Killer Mike pens story on how the first amendment doesn’t protect rap music/rappers.

In a CNN story written by both Killer Mike and Erik Nielson, an assistant professor at the University of Richmond, the two addressed Bell v. Itawamba County School Board.

The case, which has fallen before the Supreme Court, stemmed from a rap song Taylor Bell, a former student at Itawamba Agricultural High School, released in 2010. Bell created the song after several female students informed him of two coaches who “were allegedly engaging in highly inappropriate sexual behavior.”

The aspiring rapper released his song, which mentioned the two coaches by name, in the hopes that it would shed light on the female students’ allegations.

Instead of looking into the claims against the two coaches, the school suspended Bell due to what it found to be threats in the song.

“Bell wasn’t being punished for making threats against school employees, even if that was the school’s justification. Instead, he was being punished for using the wrong art form, rap music, as his voice of protest,” Killer Mike and Erik Nielson’s story reads.

Killer Mike and Nielson later touched on the first amendment and how it relates to Bell’s story and rap music in general. They took note of the double standard that exists between rap and other forms of entertainment, when it concerns freedom of speech.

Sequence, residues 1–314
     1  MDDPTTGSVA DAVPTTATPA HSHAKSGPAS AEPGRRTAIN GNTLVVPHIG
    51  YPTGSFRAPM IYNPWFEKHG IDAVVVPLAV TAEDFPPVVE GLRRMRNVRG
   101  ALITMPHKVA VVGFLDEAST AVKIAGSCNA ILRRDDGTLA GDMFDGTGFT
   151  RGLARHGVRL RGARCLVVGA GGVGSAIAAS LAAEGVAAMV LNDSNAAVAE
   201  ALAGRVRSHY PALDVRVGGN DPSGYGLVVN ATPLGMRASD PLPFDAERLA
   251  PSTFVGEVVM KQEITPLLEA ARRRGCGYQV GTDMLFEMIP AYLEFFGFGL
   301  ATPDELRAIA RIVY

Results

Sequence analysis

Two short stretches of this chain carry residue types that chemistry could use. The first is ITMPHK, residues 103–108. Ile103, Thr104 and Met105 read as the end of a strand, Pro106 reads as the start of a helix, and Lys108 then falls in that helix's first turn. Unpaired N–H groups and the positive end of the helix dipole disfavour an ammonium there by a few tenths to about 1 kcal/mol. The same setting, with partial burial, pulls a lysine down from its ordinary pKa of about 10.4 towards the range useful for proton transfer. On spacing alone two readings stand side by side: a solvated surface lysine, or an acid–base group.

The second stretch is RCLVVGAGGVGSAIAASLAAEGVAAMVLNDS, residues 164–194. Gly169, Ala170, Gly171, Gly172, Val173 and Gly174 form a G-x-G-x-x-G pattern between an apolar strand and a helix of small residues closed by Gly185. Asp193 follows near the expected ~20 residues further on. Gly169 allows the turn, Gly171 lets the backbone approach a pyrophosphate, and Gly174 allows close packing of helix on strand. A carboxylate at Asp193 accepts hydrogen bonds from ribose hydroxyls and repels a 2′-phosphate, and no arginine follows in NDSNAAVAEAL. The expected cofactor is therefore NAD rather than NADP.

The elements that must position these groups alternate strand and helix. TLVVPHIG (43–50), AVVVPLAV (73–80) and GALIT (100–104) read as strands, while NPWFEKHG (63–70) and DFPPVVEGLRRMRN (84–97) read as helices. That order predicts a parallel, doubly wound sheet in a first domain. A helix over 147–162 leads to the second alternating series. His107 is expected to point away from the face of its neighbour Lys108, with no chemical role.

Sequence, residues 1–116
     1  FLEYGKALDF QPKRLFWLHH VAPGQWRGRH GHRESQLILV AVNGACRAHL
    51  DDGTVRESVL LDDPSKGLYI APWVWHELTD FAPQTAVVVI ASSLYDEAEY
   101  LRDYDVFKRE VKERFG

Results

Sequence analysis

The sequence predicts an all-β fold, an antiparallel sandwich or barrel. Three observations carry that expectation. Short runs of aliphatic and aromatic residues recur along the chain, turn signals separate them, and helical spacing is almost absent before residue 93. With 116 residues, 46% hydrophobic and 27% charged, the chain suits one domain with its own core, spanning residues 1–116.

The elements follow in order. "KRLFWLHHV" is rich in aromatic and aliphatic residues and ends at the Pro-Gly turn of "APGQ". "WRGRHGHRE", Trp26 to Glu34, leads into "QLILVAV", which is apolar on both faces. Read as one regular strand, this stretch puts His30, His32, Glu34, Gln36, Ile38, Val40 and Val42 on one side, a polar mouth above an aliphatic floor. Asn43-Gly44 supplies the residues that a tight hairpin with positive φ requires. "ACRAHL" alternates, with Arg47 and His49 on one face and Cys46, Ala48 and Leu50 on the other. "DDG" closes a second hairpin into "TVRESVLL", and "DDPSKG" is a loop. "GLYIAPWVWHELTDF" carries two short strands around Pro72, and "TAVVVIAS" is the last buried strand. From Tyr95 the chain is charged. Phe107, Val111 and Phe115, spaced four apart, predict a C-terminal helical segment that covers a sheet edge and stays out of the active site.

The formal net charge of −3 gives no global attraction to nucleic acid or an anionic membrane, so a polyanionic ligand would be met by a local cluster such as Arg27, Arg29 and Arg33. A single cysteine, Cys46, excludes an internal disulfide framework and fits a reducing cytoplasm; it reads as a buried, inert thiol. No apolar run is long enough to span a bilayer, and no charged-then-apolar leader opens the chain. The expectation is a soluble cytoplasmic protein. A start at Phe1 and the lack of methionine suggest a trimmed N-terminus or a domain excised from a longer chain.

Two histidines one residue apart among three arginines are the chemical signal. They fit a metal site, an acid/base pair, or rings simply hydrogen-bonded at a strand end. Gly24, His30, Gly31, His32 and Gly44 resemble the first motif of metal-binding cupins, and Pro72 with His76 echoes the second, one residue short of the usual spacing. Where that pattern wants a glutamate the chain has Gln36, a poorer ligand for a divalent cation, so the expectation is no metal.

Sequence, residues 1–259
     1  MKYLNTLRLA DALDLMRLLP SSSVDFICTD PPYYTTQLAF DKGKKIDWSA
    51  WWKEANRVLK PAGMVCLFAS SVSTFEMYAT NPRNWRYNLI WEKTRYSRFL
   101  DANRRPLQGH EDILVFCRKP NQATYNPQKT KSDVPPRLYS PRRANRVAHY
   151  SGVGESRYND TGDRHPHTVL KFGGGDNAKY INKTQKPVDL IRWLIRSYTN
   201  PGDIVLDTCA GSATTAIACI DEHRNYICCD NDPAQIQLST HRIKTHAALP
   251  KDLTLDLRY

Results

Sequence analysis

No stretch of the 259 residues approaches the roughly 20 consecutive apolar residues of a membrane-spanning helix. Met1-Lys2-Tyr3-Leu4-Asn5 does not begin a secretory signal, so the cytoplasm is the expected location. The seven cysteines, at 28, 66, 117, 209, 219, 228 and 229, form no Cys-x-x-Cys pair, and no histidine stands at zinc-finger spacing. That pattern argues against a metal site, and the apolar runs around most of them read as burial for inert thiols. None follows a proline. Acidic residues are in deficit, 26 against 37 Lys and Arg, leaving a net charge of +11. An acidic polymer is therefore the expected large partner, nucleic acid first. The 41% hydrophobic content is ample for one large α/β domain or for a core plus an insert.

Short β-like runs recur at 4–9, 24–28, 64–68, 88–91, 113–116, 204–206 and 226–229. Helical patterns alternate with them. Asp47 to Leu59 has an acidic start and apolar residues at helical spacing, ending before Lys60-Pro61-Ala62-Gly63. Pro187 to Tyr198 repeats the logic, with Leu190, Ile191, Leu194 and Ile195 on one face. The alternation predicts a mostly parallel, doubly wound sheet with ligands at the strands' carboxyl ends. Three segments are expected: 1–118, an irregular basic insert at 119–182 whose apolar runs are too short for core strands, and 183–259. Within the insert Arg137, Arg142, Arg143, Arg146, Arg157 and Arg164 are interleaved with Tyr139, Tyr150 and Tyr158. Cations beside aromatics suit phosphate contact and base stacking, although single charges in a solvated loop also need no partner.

“Throughout those careers, none of their fans ever believed that Ice Cube would kill former Los Angeles Police Chief Daryl Gates, that Eminem would kill his wife, Kim, or that Nas and Jay Z would kill each other — all claims the rappers made in their songs,” the CNN story reads. “Likewise, we don’t assume that Quentin Tarantino, Stephen King or Johnny Cash carry out the (sometimes extreme) violence depicted in their art — because we acknowledge it as art.

“But as we have noted before, rap is often denied that respect, particularly in the criminal justice system, where amateur rappers, almost always young men of color who lack the name recognition (and bank accounts) of their professional counterparts, are routinely prosecuted for their music, either because people believe that rap should be read literally or because they just don’t like it.”

Killer Mike and Erik Nielson’s full story, titled “Killer Mike: Free speech — unless it’s rap?,” can be read at

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